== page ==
The spate of layoffs that wind industry advocates have warned about has accelerated in recent weeks, with workers losing their jobs in key wind states such as Iowa and Colorado in a trend expected to continue at least into next year.
The layoffs can be pinned in part on congressional foot-dragging around an expiring tax break for wind energy that the industry says must be extended beyond the end of this year. The growing number of people – many of whom are likely to cast ballots in November – who have lost or are in danger of losing jobs put a face on the consequences of Congress’ inaction.
But it remains to be seen whether those layoffs boost the prospects for extending the production tax credit, as virtually all that have been announced have come in House districts represented by lawmakers who support extending the credit, according to a Greenwire analysis. And economists note that extending the PTC alone will not be a panacea for the wind industry, which also faces pressure from low prices for a competing power source, natural gas, and slowing demand to meet state renewable energy targets
The map shows this year’s publicly announced layoffs, potential layoffs and delayed factory expansions announced by companies in the wind industry, compiled from press reports, company announcements and other sources. Click here for a breakdown of the jobs affected and the PTC position of each area’s representative.
Rep. Cory Gardner (R-Colo.) is one member who last week watched 30 of his constituents lose jobs at a Vestas factory in Brighton. Vestas earlier this month let go another 90 workers at a factory in Pueblo, Colo., and 174 employees were downsized at Cedar Rapids, Iowa-based Clipper Wind Power last week.
Gardner earlier this year was among 18 freshmen, mostly Republicans, who wrote to House leadership this summer urging quick action on an extension to the tax credit.
Congress is set to return to Washington on Sept. 10, after the political conventions, although members are expected to be in town for only a few weeks before returning to the campaign trail. Lawmakers are expected to adopt a continuing resolution on appropriations to keep the government running through the election and face a Sept. 30 deadline to act on the farm bill, which Gardner sees as a potential opportunity to act on the credit.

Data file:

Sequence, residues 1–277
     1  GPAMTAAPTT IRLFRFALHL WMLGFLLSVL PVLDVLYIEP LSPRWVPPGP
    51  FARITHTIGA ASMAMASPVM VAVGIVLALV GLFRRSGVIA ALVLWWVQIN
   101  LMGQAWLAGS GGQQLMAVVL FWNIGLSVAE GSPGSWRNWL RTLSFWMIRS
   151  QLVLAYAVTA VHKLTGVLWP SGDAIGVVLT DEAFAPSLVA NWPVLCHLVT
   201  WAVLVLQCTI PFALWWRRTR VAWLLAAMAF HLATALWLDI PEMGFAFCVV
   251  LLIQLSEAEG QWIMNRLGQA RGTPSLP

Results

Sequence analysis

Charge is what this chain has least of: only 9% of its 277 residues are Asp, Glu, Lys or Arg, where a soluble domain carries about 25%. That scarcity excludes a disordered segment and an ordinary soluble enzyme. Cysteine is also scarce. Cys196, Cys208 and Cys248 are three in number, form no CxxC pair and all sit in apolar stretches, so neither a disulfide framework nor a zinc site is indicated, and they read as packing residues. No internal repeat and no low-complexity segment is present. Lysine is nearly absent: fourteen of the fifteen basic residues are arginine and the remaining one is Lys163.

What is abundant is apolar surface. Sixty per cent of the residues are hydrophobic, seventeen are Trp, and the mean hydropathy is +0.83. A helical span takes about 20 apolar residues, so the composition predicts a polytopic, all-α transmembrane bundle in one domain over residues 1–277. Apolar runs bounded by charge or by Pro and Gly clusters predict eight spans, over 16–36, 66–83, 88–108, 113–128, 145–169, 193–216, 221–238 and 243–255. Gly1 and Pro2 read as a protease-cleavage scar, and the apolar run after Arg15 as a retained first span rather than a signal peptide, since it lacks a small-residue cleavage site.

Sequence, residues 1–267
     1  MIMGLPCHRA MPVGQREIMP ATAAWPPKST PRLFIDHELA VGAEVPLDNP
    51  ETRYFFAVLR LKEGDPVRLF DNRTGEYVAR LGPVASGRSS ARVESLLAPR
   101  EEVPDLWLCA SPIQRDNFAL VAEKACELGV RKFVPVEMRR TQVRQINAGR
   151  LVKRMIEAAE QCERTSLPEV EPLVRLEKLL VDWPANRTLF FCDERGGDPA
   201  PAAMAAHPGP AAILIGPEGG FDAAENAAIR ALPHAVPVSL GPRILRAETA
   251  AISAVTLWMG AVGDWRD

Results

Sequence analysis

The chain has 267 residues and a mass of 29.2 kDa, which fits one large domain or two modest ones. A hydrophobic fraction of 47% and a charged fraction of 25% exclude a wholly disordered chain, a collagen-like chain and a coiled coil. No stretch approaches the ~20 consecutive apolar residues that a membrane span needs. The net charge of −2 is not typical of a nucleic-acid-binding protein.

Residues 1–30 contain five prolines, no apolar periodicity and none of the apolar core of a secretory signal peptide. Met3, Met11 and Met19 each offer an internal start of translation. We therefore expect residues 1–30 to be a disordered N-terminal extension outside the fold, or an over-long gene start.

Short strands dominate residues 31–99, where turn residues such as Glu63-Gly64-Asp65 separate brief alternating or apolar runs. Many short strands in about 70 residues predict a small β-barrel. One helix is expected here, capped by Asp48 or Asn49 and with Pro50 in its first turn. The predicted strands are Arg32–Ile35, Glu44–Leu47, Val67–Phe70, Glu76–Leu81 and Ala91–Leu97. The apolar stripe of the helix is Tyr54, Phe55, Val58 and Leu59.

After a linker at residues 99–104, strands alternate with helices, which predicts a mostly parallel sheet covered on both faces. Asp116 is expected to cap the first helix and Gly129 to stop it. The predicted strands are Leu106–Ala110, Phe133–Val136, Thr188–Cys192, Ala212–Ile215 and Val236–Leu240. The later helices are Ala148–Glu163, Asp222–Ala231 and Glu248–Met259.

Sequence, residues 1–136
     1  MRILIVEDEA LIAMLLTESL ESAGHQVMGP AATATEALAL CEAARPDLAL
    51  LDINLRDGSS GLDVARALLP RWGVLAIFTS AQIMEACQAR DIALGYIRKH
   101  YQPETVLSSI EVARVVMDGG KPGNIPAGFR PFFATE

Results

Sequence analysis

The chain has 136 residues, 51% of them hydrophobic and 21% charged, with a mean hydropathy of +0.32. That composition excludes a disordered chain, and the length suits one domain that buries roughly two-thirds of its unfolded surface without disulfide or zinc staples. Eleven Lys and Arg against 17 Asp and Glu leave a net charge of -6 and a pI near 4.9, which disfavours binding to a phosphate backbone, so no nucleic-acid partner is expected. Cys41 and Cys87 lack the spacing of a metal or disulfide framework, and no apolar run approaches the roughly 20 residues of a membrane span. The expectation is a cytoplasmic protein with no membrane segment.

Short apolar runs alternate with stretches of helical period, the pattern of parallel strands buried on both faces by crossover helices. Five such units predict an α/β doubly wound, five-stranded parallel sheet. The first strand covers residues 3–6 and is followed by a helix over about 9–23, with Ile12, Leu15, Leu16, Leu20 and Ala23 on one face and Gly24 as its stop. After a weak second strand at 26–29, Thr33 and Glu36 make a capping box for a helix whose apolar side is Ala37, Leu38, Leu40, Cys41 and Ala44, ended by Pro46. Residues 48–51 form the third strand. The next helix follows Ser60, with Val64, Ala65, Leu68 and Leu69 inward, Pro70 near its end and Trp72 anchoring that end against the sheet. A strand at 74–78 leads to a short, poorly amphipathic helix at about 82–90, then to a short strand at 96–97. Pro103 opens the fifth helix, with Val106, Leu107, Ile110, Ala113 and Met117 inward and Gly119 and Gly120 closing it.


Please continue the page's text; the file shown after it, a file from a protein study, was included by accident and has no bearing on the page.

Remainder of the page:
Possible farm bill amendment
A group of lawmakers, including Gardner, are “considering” introducing a PTC amendment to the farm bill, he said, although he stressed that plans are still in flux and no decisions have been made. Gardner and Rep. Ed Perlmutter (D-Colo.) considered offering an amendment to the transportation bill earlier this summer that would extend the PTC while also mandating approval of the controversial Keystone XL oil pipeline, although those plans never came to fruition, he said.
Gardner pressed the case for a PTC extension again earlier this month when Speaker John Boehner (R-Ohio) visited his rural eastern Colorado district. He said the layoffs in his district and those of other PTC supporters raise the stakes for Congress to act, which he would like to see happen as soon as next month’s abbreviated session.
“I never want to use job losses as a chit to get somebody’s attention,” Gardner said in an interview last week. “But we need to make sure that people understand what’s happening – real job losses are occurring, like we said they would occur.”
That said, Gardner is not wishing for the job losses to spread to districts of House members who may still be on the fence over whether to extend the credit.
“I hope that they will get the message” without having to see their own constituents thrown out of work, Gardner said. “I don’t want it in mine. I don’t want it anywhere.”